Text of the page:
In 2008, president Barack Obama made a statement that must now be looked upon as surreal, considering how completely disconnected it was from what he and the Democratic majority in Congress actually did for the past two years. “We cannot sustain a system that bleeds billions of taxpayer dollars on programs that have outlived their usefulness, or exist solely because of the power of a politicians, lobbyists, or interest groups. We simply cannot afford it….We will go through our federal budget–page by page, line by line–eliminating those programs we don’t need, and insisting that those we do operate in a sensible cost-effective way,” said the president.
Now, in direct contrast to the newly-elected Republican House majority and its stated intention to trim government spending, Federal Reserve Chairman Ben Bernanke is pursuing “QE2,” another round of quantitative easing, costing taxpayers an additional $600 billion dollars — in newly-printed money.
It is a course of action currently being condemned around the world. German Finance Minister Wolfgang Schauble accused the Obama administration of hypocrisy: “It doesn’t add up when the Americans accuse the Chinese of currency manipulation and then, with the help of their central bank’s printing presses, artificially lower the value of the dollar.” Chinese Finance Vice Minister Zhu Guangyao added, “As a major reserve currency issuer, for the United States to launch a second round of quantitative easing at this time, we feel that it did not recognize its responsibility to stabilize global markets and did not think about the impact of excessive liquidity on emerging markets.” And Zhou Xiaochuan, head of the People’s Bank of China: “we can understand the Fed’s QE2 policy, from the angle that it wants to revive the U.S. economy and increase employment. But the problem is the dollar is the global reserve currency.”
Yet the clearest assessment of quantitative easing was expressed by Luxembourg Prime Minister Jean-Claude Juncker, chairman of the euro-zone finance ministers: “I don’t think it’s a good decision. You’re fighting debt with more debt.”
Barack Obama defended QE2, echoing Mr. Bernanke’s sentiments that the move was designed to stimulate growth in America’s economy: “I will say that the Fed’s mandate, my mandate, is to grow our economy. And that’s not just good for the United States, that’s good for the world as a whole. And the worst thing that could happen to the world economy, not just ours, is if we end up being stuck with no growth or very limited growth.”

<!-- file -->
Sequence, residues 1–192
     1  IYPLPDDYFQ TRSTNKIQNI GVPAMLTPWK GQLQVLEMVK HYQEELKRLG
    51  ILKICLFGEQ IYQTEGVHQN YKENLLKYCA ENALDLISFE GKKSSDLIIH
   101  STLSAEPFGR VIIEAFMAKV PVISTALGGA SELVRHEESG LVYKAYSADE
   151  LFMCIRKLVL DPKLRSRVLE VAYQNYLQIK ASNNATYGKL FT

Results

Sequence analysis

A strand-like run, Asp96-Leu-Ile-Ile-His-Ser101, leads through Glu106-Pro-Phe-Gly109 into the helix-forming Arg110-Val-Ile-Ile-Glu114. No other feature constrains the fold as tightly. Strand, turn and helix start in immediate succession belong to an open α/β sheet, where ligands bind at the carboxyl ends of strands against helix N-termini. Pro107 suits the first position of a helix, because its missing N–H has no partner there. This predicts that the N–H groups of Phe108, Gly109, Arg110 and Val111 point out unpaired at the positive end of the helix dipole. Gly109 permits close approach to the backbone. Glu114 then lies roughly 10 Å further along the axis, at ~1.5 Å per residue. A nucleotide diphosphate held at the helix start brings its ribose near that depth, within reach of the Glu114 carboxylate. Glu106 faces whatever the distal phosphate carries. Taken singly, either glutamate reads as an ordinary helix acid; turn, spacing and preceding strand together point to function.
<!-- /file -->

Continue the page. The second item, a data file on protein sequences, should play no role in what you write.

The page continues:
Yet a devalued dollar is already showing it effects. Gold has hit a record high of $1400 an ounce, and oil prices have surged to a two-year high. Food prices are also surging, a reality to which anyone shopping for groceries can attest. Perhaps Mssrs. Obama and Bernanke could explain how higher prices will stimulate the consumer demand necessary for reviving the economy.
But there is something far more troubling emerging here. First, the notion that government can “stimulate” growth has proven to be a dubious contention at best. $800 billion of stimulus hasn’t relieved unemployment in any significant way, nor has it stimulated economic growth, which is hovering near 2% annually.
Second, the history of government intervention, aka Keynesian economics, is a proven failure. Despite all denials by the Left, the combination of interventionist policies adopted by both Herbert Hoover and FDR prolonged the Great Depression. FDR’s Treasury Secretary, Henry Morganthau summed up this failure: “We have tried spending money. We are spending more than we have ever spent before and it does not work…I say after eight years of this administration, we have just as much unemployment as when we started…and an enormous debt to boot!” Sound familiar?
Yet the most troubling aspect of QE2 is this: less than a week after the Obama administration’s economic policies were thoroughly repudiated by the electorate, the will of that electorate is being completely ignored. QE2 is $600 billion worth of demonstrable contempt for a voting public appalled by the recklessness of federal spending, and the determination to pursue policies completely antithetical to the wishes of a substantial majority of Americans.